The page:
AUGUSTA, Ga. – The distance debate made its way inside the gates of Augusta National Golf Club on Wednesday in chairman Fred Ridley’s inaugural address to the media.
Ridley, 65, the 1975 U.S. Amateur champion who played in three Masters in 1976-78, discussed the evolving nature of Augusta National versus the ongoing developments of the game. Ridley, a former U.S. Golf Association president, is intent on protecting the shot values of original designers Bobby Jones and Alister MacKenzie.
“We continue to closely monitor how distances produced by today's players affect our golf course,” said Ridley, clearly in response to the joint USGA/R&A distance report last month that suggested the ball is crossing a supposed red line. “Thankfully, we do have options, and further change may come after proper deliberation. But we do not think that additional length should be the immediate or only reaction to what we continue to observe in the Masters.”
In what seemed to be a direct response to Tiger Woods’ continual assault on Augusta National, the course was lengthened by 285 yards in 2002, from 6,985 yards to 7,270 yards, before changes in 2006 stretched the layout to its current 7,445 yards.
Other changes during that era included adding a slight rough, known in Augusta vernacular as the “second cut,” additional pine trees that tightened the driving corridors of some holes and the elimination of certain areas on the course that acted as speed slots and provided additional distance off the tee.
Later, Ridley, in responding to questions about the distance issue, expanded upon his original distance comments, specifically in discussing Augusta National.
“There's a great quote from Bobby Jones dealing specifically with the 13th hole, which has been lengthened over time, and he said that the decision to go for the green in two should be a momentous one. And I would have to say that our observations of these great players hitting middle and even short irons into that hole is not a momentous decision,” Ridley said. “And so, we think there is an issue – not only there, but in the game generally – that needs to be addressed. The ultimate decision is going to be, I'm confident, a collective one. It's going to be one where all of the stakeholders sit down and come to some agreement.”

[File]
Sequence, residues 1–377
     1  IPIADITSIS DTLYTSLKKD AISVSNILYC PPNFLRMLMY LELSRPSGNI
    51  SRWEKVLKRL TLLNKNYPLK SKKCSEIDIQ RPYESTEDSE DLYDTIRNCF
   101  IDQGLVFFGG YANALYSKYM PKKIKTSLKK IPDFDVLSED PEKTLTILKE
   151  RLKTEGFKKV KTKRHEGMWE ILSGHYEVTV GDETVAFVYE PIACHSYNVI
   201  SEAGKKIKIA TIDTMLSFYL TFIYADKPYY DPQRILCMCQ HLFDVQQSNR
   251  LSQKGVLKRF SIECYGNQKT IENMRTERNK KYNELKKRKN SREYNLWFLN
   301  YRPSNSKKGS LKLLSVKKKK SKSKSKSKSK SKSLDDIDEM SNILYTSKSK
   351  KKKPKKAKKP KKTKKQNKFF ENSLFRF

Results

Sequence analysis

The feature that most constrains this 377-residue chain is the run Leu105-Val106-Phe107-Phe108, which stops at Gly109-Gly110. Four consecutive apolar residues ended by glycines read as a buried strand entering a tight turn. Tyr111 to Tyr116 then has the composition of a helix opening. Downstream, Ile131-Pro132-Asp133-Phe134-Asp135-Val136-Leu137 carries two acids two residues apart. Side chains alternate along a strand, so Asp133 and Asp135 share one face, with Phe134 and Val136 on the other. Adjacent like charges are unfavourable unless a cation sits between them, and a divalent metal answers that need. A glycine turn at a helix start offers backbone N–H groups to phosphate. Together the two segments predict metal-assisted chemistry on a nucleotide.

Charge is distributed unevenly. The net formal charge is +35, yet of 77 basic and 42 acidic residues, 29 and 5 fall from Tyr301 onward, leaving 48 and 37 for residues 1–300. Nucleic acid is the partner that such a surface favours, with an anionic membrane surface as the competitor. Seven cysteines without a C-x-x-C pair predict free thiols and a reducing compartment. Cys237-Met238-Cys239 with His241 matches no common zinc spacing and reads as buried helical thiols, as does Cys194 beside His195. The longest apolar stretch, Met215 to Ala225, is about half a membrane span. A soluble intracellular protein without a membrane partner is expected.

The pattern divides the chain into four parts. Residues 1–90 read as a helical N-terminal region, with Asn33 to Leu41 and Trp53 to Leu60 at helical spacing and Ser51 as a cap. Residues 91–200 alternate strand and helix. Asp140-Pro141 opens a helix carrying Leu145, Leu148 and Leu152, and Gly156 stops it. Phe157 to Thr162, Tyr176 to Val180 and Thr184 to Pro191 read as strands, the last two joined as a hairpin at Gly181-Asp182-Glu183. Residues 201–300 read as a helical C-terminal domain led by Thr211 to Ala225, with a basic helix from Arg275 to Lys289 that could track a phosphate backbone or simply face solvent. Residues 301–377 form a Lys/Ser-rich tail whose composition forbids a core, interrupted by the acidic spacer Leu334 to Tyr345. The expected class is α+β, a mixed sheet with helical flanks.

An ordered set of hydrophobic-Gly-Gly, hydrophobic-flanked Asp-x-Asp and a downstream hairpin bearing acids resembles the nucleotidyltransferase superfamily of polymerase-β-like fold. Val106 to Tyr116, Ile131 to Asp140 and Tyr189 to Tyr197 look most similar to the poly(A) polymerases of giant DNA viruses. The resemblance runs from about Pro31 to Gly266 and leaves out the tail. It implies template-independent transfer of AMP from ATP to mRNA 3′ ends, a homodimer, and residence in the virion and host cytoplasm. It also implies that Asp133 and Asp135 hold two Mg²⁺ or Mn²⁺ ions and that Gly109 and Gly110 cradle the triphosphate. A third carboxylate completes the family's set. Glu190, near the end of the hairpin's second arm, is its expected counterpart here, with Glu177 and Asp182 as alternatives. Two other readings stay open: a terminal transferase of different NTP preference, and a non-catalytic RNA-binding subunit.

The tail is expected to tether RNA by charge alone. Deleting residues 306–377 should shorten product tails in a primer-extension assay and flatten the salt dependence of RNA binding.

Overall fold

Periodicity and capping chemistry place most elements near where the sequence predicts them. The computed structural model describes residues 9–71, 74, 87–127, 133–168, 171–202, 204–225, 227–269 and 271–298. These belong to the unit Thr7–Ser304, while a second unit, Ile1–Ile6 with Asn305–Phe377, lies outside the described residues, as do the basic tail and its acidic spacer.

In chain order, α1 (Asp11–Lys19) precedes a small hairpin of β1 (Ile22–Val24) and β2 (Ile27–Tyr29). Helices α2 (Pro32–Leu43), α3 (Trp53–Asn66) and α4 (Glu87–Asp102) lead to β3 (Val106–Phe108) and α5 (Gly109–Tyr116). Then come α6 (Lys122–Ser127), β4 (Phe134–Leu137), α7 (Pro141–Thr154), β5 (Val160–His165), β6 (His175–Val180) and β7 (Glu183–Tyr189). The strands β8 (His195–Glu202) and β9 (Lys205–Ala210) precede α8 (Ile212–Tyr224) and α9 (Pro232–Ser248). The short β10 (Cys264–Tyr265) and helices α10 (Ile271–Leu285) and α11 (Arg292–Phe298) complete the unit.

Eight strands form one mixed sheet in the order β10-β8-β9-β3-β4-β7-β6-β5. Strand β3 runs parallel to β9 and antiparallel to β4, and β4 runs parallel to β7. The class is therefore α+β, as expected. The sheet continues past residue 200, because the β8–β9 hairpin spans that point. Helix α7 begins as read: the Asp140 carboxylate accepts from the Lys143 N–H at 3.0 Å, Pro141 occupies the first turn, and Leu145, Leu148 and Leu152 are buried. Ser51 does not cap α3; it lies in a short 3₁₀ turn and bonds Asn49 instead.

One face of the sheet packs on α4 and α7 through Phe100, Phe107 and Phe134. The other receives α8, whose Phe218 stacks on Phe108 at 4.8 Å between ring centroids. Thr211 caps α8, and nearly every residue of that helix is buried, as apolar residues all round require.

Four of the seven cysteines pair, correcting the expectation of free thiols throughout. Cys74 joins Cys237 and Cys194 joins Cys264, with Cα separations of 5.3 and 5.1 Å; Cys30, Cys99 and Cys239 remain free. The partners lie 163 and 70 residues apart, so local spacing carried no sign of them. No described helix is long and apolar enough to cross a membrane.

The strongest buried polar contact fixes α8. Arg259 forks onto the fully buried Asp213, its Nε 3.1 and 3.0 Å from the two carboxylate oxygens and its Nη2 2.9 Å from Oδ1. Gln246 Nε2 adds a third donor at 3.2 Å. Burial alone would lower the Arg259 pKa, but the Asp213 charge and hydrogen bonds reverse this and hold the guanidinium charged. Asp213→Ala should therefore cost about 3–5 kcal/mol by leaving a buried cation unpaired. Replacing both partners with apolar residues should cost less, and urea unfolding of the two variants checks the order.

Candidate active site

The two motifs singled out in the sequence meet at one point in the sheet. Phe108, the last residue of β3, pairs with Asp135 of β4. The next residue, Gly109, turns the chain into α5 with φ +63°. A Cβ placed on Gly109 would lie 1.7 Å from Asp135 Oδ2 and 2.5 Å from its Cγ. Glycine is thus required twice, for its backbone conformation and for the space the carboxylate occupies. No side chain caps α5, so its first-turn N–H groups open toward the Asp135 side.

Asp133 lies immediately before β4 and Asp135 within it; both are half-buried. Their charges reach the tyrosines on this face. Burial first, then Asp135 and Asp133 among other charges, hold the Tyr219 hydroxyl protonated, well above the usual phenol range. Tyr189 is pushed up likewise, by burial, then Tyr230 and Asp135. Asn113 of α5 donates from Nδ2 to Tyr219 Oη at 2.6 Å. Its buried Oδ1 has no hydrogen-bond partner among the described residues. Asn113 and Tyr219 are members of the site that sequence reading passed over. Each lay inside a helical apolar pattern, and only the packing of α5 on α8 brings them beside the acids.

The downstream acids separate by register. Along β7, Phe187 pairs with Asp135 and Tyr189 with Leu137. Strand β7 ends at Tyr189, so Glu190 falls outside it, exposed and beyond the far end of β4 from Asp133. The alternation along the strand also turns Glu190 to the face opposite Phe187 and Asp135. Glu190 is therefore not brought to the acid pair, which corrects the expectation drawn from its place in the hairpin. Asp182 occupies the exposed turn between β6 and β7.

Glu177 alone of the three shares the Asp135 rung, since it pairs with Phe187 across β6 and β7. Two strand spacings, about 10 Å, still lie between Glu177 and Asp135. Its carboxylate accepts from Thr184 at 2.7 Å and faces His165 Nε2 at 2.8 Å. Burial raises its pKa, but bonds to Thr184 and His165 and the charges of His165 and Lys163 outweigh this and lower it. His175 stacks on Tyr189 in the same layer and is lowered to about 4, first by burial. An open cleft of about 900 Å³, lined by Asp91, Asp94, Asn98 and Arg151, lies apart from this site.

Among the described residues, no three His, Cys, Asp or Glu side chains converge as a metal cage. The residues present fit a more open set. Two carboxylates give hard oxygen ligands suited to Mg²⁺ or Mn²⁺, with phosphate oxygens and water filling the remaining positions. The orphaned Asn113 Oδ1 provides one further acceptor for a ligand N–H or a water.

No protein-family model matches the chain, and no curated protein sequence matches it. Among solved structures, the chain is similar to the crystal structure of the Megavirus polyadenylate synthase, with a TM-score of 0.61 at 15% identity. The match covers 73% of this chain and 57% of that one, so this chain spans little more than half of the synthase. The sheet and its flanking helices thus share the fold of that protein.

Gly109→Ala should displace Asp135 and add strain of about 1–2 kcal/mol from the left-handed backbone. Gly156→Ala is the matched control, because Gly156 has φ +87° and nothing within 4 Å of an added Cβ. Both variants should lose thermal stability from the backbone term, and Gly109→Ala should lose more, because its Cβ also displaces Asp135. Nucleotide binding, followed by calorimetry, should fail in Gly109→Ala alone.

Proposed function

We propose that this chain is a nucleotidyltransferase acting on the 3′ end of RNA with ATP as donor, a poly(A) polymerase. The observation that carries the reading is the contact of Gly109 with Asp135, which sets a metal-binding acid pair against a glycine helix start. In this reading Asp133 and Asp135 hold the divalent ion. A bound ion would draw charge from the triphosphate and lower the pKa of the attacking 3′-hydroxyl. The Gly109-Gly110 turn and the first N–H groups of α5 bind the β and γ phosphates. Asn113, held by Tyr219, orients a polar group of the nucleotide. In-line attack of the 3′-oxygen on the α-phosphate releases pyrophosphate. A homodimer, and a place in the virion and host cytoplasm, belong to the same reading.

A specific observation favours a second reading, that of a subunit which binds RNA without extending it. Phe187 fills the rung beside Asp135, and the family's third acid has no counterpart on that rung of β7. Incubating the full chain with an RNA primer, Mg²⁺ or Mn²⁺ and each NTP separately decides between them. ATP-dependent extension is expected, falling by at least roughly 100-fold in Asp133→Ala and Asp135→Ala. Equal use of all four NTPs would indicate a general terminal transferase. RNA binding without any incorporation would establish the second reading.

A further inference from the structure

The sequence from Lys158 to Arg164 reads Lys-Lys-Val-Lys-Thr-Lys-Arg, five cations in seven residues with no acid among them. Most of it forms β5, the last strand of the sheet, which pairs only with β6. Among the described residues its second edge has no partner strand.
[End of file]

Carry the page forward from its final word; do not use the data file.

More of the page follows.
In 1939, the par-5 13th hole played 480 yards, only 30 yards shorter than the current 510 yards it has played since being lengthened before the 2002 Masters.
What Ridley failed to mention was that Augusta National recently acquired land from neighboring Augusta Country Club that would allow for expansion of the 13th hole.
Yet, with more than enough land available to expand the course on many holes, Ridley seems more concerned with how golf’s leaders will address the distance issue amicably.
“My hope is that every organization, every stakeholder involved will look at this issue from a holistic basis and not only what might be in the best interests of their own organization,” Ridley said. “We fully appreciate and do not want any action to be taken that's going to make golf harder. We have an obligation to grow the game, and so we're sensitive to that. So, these issues don't always coincide. And like any difficult question, it requires compromise and debate. So as long as we're all talking to one another and looking out for what's in the best interest of the game, I'm confident that there's going to be a solution that's going to work for everyone.”
Ridley appears to want to be an intermediary between the R&A, USGA, major professional tours, various associations and many manufacturers with vested interests in the issue. From past comments, they do not support changing the rules to roll back the golf ball or any type of significant rules bifurcation between amateurs and professionals.
The next step is unclear, but Ridley would seem to hold substantial political capital should he choose to make a difference.
“The chairmanship of Augusta National certainly gives him a unique place in the game,” said Jim Hyler, a former USGA president who was named this week as Ridley’s replacement as the chairman of Augusta National’s Competition Committee. “And I think, as he just talked about in terms of the distance issue, that he will want to work to bring people together to talk through these issues. We're not a governing body; that's the USGA and the R&A. But we have an obligation to be, I think, at the table and talking, but in a collaborative way.”
Alex Miceli is the founder and publisher of Morning Read. Email: firstname.lastname@example.org; Twitter: @AlexMiceli